Biofortification is a strategy of addressing VAD and other micronutrient deficiencies in Africa that was introduced by HarvestPlus. The introduction of biofortification as a strategy for addressing VAD in the African continent led to the idea of improving the vitamin A content of maize and sweet potatoes [32]. Biofortified sweet potatoes have already been successfully introduced in South Africa [40], but PVABM has not been introduced as an intervention to VAD. However, the successful introduction of PVABM in other southern African countries, such as Zambia, instils hope for South Africa too.

7. Biofortification of New Cultivars for Improved Vitamin A Content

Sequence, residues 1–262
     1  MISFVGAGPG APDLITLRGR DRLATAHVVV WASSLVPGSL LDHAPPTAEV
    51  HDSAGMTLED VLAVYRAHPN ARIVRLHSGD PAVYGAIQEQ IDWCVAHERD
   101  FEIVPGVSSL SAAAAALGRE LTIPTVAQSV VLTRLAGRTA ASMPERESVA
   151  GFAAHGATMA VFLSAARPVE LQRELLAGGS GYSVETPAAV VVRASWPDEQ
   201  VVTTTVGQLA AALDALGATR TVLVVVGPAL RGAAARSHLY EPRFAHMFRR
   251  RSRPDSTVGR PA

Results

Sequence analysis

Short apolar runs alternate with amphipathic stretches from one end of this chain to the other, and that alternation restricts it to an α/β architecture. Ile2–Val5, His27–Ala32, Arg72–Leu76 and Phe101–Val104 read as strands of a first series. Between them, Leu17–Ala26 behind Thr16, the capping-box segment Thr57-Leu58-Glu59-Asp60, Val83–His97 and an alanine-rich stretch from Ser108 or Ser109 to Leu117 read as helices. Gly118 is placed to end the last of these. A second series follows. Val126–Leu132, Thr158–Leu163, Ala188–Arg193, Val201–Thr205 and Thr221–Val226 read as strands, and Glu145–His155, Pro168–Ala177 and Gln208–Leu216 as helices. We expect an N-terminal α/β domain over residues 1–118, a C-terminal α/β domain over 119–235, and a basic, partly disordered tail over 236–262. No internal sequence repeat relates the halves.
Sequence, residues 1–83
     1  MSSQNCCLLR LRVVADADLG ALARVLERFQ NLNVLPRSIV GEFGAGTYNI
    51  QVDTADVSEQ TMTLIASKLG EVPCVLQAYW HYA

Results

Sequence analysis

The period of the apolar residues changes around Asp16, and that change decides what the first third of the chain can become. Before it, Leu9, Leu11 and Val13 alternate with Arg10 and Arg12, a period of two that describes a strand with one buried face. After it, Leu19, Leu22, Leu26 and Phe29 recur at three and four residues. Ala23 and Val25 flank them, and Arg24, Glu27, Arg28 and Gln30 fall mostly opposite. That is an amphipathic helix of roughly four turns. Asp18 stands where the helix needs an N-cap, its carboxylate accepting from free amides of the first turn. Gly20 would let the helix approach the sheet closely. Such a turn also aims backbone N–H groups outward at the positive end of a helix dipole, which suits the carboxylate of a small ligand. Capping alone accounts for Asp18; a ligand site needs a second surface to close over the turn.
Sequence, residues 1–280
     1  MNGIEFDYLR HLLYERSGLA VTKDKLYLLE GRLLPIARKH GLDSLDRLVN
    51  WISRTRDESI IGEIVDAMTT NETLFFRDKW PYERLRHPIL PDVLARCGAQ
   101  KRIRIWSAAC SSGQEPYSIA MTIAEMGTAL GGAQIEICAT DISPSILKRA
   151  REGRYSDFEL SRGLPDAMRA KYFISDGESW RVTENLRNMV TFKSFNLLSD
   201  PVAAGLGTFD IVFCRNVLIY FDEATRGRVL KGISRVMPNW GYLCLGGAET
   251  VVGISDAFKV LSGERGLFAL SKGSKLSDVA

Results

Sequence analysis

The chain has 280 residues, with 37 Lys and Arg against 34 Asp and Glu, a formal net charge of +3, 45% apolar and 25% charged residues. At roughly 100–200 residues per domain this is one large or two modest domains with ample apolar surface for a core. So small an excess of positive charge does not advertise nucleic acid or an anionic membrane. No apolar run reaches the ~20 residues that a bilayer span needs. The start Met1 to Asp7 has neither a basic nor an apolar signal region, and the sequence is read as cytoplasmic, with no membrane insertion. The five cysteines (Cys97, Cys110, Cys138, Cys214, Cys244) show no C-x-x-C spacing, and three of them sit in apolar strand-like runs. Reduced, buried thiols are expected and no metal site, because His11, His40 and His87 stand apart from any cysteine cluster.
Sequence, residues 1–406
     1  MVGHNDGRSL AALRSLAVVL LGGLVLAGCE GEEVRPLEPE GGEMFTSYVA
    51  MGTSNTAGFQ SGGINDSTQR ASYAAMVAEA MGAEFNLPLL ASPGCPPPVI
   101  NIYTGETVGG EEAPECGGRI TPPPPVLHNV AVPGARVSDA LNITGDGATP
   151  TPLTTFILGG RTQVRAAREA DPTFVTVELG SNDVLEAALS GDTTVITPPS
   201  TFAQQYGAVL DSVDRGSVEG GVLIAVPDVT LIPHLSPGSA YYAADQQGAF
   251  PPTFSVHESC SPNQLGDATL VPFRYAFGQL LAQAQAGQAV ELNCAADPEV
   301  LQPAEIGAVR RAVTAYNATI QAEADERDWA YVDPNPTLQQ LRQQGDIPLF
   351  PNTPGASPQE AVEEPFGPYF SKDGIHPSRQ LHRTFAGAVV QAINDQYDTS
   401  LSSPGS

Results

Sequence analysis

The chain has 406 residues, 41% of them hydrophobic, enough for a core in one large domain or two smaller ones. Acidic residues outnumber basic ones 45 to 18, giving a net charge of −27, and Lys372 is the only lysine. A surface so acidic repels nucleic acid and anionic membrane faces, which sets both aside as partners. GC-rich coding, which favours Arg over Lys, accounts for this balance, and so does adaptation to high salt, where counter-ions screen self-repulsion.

Biofortification is a relatively new agricultural-based strategy to reduce hidden hunger in the SSA region, especially for low income communities [41,42]. Rural communities are the main targeted beneficiaries of PVABM [43]. Biofortification of staple crops ensures improved nutrient supply to poor households though the most preferred diet [7,5,44]. The mineral improvement in biofortified staple crops allows these crops to be resistant to certain plant diseases [45], especially fungal root diseases. Moreover, the planted crops are more likely to survive the seedling stage and their initial growth is faster. Bouis et al. [8] suggested that the biofortification of provitamin A maize improves crops’ ability to resist drought, thus improving the vitamin A composition of the grains. Tumuhimbise et al. [46] also recommended that breeding for biofortification improves drought resistance, vitamin A content and disease tolerance (Table 1). Therefore, PVABM is of great benefit to farmers in rural areas where diseases are a major challenge to plant production and during times where farmers are late planting. PVABM should be easily incorporated because of this potential. In South Africa, sweet potatoes as a biofortified crop have been successfully introduced and well-accepted by consumers of different living standards [39]. However, the level of acceptance for PVABM may differ.